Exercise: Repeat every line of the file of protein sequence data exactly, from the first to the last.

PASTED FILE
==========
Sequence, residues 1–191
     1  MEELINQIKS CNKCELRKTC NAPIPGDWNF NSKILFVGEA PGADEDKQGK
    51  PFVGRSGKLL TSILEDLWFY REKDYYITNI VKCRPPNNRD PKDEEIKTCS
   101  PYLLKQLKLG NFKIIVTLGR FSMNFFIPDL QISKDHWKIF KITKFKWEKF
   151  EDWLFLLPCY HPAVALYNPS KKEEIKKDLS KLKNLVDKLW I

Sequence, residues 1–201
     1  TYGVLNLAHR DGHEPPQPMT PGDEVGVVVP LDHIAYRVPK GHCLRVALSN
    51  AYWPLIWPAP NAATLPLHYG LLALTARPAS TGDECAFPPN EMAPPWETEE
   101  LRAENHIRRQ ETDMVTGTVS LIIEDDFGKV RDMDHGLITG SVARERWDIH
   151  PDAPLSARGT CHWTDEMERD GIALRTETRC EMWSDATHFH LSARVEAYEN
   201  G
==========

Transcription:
Sequence, residues 1–191
     1  MEELINQIKS CNKCELRKTC NAPIPGDWNF NSKILFVGEA PGADEDKQGK
    51  PFVGRSGKLL TSILEDLWFY REKDYYITNI VKCRPPNNRD PKDEEIKTCS
   101  PYLLKQLKLG NFKIIVTLGR FSMNFFIPDL QISKDHWKIF KITKFKWEKF
   151  EDWLFLLPCY HPAVALYNPS KKEEIKKDLS KLKNLVDKLW I

Sequence, residues 1–201
     1  TYGVLNLAHR DGHEPPQPMT PGDEVGVVVP LDHIAYRVPK GHCLRVALSN
    51  AYWPLIWPAP NAATLPLHYG LLALTARPAS TGDECAFPPN EMAPPWETEE
   101  LRAENHIRRQ ETDMVTGTVS LIIEDDFGKV RDMDHGLITG SVARERWDIH
   151  PDAPLSARGT CHWTDEMERD GIALRTETRC EMWSDATHFH LSARVEAYEN
   201  G